Siglio Advocate 2018

Four new books for our 10th year

by Mirtha Dermisache, Ellie Ga, Karen Green and Dick Higgins

Image above from Frail Sister by Karen Green.

In 2018 Siglio is celebrating its 10th year of fiercely independent publishing, driven by its feminist ethos and its commitment to artists and writers who obey no boundaries, pay no fealty to trends and invite readers to see the world anew by reading word and image in provocative, unfamiliar ways. Since its inception, Siglio has seen publishing itself as an act of resistance to the literal, the authoritarian and the facile (see the Siglio manifesto “On the Small and Contrary”).

We continue this mission in 2018 with a defiantly eclectic list by artists and writers—Mirtha Dermisache, Ellie Ga, Karen Green and Dick Higgins—who resist categorical distinctions, envisioning image, language and the space of the book in expansive and utterly imaginative ways.

 

SPRING

Mirtha Dermisache: Selected Writings (March)

FALL

Ellie Ga: Square Octagon Circle (September)

Frail Sister by Karen Green (October)

This fictional archive of letters, altered photographs, and collages traces the disappearance of one woman—and many. Beginning with the mesmerizing story of two sisters who are child performers in the dirt poor town of Oil City, Pennsylvania during the Great Depression, Frail Sister journeys to Italy during WWII as one sister escapes to the USO, only to return to a life that disintegrates at every edge. More info to come!

Dick Higgins: Intermedia, Fluxus, and the Something Else Press (October)

Edited by Steve Clay and Ken Friedman

There are few art-world figures as influential—and as little known—as Dick Higgins, co-founder of Fluxus, “polyartist,” poet, scholar, theorist, composer, performer and, not least, the publisher of Something Else Press. In 1965 he restored the term “intermedia” to the English language giving it new dimension to recognize the dissolution of boundaries, the expansion of liminal spaces between traditional modes of art making, and the open field for new forms that cannot be compartmentalized. His own contributions to intermedia are many—as a participant and instigator of Happenings, as writer and composer straddling traditional and vanguard forms, among others—but it was Something Else Press (1963-1974) that redefined how “the book” could inhabit that energized, in-between space. 

Something Else Press was as much a critical statement and radical experiment as it was a collection of books by some of the most luminary artists and writers of the twentieth century: Gertrude Stein, John Cage, Ray Johnson, Dieter Roth, Bern Porter, Emmett Williams, Robert Filliou, George Brecht, among many others. Along with his Great Bear Pamphlet series and the Something Else Press newsletter, Higgins exploited and subverted convention book production and marketing strategies to get unconventional and avant-garde works into the hands of new and often unsuspecting readers.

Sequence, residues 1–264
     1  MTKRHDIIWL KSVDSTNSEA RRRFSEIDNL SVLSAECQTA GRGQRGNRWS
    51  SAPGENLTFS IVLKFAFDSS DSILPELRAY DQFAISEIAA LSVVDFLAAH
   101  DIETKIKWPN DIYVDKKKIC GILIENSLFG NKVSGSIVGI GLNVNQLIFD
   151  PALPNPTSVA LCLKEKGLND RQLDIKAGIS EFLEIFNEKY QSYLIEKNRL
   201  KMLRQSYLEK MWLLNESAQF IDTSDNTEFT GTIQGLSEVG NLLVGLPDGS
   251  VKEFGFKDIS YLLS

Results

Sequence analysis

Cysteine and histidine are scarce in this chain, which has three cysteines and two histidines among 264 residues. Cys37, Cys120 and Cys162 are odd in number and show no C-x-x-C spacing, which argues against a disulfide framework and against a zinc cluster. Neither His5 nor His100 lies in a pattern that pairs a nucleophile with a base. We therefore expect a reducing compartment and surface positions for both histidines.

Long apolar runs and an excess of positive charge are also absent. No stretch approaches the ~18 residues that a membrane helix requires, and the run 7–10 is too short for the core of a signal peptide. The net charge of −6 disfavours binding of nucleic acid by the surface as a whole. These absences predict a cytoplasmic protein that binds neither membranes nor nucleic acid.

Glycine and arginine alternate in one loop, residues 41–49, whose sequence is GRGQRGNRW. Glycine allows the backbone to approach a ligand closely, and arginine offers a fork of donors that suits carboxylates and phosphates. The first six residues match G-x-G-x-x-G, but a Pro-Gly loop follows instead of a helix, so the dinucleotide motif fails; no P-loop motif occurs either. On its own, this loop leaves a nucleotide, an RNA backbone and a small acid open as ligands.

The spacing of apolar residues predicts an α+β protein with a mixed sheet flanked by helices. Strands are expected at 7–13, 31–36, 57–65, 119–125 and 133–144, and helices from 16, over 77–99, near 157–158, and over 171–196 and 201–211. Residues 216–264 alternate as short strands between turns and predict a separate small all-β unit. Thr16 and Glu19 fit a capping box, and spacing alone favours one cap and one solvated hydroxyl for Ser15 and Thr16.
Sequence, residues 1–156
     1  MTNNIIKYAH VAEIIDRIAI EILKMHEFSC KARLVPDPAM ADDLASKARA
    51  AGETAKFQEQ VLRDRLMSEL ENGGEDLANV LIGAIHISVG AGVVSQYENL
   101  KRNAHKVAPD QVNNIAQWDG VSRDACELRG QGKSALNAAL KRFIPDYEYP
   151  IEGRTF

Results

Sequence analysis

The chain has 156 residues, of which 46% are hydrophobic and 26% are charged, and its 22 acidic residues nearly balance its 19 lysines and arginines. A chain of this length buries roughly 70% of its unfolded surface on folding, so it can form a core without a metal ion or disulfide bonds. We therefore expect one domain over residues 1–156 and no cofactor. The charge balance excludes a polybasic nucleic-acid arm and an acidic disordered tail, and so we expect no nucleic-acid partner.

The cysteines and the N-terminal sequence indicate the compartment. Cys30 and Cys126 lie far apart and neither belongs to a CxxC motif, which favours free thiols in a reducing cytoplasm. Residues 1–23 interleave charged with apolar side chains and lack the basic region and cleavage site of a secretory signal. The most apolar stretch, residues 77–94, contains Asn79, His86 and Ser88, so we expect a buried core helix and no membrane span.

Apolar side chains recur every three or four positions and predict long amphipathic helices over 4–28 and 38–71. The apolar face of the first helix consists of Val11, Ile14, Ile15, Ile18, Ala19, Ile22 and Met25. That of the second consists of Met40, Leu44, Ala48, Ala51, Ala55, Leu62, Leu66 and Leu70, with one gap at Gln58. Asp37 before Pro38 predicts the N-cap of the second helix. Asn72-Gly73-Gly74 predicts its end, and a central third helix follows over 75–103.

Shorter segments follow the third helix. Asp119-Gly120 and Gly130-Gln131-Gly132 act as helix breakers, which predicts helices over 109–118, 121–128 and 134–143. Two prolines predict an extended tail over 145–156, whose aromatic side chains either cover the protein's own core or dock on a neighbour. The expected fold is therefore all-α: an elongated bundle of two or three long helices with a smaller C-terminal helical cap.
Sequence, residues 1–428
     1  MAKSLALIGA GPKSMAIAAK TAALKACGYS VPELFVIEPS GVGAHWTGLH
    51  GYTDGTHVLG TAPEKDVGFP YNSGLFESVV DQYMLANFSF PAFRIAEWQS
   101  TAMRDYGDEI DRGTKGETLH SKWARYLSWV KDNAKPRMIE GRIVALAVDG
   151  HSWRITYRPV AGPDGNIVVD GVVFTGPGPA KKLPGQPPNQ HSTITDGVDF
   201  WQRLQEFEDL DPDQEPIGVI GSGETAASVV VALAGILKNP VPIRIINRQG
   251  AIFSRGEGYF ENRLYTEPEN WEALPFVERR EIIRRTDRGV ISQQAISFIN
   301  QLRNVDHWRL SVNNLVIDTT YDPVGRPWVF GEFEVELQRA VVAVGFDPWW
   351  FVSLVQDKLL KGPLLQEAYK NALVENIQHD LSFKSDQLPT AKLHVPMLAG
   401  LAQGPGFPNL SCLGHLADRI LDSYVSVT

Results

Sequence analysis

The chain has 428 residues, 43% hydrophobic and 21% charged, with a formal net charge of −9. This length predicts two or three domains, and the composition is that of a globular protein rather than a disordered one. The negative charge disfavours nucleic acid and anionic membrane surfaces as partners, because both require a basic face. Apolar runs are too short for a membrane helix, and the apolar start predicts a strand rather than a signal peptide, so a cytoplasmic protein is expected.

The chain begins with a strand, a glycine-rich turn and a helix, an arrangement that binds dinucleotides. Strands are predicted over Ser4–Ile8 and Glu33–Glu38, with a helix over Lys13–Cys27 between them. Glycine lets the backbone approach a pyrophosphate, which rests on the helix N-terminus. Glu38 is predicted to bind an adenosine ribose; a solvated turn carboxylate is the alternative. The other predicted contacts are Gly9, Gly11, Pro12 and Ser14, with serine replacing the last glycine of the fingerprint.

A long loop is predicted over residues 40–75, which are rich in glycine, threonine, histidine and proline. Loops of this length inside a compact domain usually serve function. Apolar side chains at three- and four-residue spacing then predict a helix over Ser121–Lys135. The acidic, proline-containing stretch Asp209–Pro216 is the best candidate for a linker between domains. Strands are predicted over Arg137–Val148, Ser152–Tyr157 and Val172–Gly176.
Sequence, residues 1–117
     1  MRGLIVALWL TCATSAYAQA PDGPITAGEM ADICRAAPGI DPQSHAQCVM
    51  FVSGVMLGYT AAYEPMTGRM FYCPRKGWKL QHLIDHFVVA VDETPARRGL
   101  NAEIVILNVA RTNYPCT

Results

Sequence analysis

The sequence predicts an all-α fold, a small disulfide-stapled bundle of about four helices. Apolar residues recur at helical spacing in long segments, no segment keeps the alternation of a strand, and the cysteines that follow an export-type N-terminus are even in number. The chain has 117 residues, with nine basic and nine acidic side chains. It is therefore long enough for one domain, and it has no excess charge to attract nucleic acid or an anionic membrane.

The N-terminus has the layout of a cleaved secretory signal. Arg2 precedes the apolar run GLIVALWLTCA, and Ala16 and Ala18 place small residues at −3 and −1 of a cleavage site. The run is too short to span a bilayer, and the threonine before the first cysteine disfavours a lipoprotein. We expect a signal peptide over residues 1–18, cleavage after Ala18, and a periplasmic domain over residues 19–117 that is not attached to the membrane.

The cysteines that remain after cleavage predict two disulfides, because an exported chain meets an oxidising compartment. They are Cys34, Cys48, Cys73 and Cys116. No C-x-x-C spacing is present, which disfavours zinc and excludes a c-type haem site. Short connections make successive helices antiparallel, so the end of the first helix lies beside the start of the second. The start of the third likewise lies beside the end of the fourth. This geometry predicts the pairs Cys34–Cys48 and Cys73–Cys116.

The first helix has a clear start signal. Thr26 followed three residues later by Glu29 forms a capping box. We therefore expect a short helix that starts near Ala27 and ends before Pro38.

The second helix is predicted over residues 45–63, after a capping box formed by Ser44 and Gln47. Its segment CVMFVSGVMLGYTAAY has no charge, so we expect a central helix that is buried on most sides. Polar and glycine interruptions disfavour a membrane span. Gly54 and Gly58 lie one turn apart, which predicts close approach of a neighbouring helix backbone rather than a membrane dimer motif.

Edited by Granary Books publisher Steve Clay and Fluxus artist Ken Friedman, this judiciously curated and indispensable compendium of essays, theoretical writings and narrative prose dives deep into the ever-influential ideas that Higgins explored in theory and practice. Clay and Friedman have chosen works that illuminate Higgins’ voracious intellectual appetite, encyclopedic body of knowledge, and playful yet rigorous experimentation in a selection that includes many writings long out-of-print or difficult to find. 

Higgins, as the publisher of Something Else Press, has had an enormous influence on Siglio and its mission, and we’ve been honored to reprint one of his first Something Else Press titles, The Paper Snake by Ray Johnson, as well as model our complete edition of Diary: How to Improve the World (You Will Only Make Matters Worse) by John Cage on his Great Bear Pamphlet publication of “Part III.” Our ephemera series is also inspired, in part, by the Great Bear Pamphlets and other Fluxus printed matter. Finally, Siglio is a fan of Alison Knowles (who, when Higgins proposed the name “Shirtsleeves Press,” said: “That’s no good. Why don’t you call it something else.”). Knowles’  “A House of Dust” appears as a excerpt in It Is Almost That: A Collection of Image+Text Work by Women Artists and Writers, and the complete text in the It Is Almost That (Box).

 

Due to highly popular demand, you can now print out your own Ubu/Trump stickers here!